Mysterious Lunar Swirls on the Moon May be Caused by Crashing Comets
Scientists may have found an explanation for the mysterious lunar swirls on our moon's surface. They've found that the wispy bright regions may have been created by several comet collisions over the last 100 million years.
"We think this makes a pretty strong case that the swirls represent remnants of cometary collisions," said Peter Schultz, a planetary geoscientist at Brown University, in a news release.
Lunar swirls have been debated for years. These twisting, swirling streaks of bright soil stretch for thousands of miles across the lunar surface. Most are found on the unseen far side of the moon, though one famous swirl, called Reiner Gamma, can be seen by telescope on the southwestern corner of the moon's near side.
At first glance, the swirls don't appear to be related to the large impact craters or any other topography. In the 1970s, though, researchers found that the swirls were associated with anomalies in the moon's crustal magnetic field. Yet now, researchers may have another theory to explain these swirls, which has its roots in watching the lunar modules land during the Apollo program.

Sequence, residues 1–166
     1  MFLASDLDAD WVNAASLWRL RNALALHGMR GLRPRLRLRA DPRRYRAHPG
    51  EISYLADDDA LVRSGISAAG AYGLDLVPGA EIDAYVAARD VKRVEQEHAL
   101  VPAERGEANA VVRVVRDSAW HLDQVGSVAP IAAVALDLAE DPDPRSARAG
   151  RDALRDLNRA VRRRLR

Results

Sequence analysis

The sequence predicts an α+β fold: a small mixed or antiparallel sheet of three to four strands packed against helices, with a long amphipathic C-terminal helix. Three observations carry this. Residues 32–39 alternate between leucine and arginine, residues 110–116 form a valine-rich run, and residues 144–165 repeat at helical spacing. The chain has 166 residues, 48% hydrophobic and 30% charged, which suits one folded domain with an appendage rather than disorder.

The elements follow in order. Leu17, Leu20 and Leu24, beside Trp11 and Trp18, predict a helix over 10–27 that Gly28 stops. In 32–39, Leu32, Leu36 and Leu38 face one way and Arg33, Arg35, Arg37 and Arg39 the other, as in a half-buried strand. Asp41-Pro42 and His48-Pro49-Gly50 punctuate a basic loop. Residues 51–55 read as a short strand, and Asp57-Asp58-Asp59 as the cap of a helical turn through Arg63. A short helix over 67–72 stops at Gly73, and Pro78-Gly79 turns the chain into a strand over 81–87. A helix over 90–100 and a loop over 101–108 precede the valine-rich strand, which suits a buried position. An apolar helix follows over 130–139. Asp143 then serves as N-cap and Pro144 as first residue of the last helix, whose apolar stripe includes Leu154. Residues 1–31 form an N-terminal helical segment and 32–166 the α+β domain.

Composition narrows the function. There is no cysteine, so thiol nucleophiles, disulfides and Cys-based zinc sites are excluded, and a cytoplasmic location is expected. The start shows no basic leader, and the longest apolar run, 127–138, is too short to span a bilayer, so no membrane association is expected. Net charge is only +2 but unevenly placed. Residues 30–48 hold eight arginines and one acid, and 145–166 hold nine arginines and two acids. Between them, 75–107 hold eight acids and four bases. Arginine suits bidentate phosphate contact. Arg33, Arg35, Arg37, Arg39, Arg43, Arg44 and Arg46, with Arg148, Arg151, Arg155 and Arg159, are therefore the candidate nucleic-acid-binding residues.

"You could see that the whole area around the lunar modules was smooth and bright because of the gas from the engines scoured the surface," said Schultz. "That was part of what got me started thinking comet impacts could cause the swirls."
Comets carry their own gaseous atmosphere, called a coma. In this case, the researchers theorized that when small comets slam into the moon's surface, the coma may scour away loose soil and may produce the bright swirls.
The researchers actually used computer simulations to see whether comet impacts could produce this kind of scouring. The new simulations revealed that the impact of a comet coma plus its icy core would indeed have created the swirls and that some may stretch thousands of kilometers from the impact point.
"This is the first time anyone has looked at this using modern computational techniques," said Schultz. "everything we see in simulations of comet impacts is consistent with the swirls as we see them on the moon. We think this process provides a consistent explanation, but may need new moon missions to finally resolve the debate."
The findings are published in the journal Icarus.
For more great science stories and general news, please visit our sister site, Headlines and Global News (HNGN).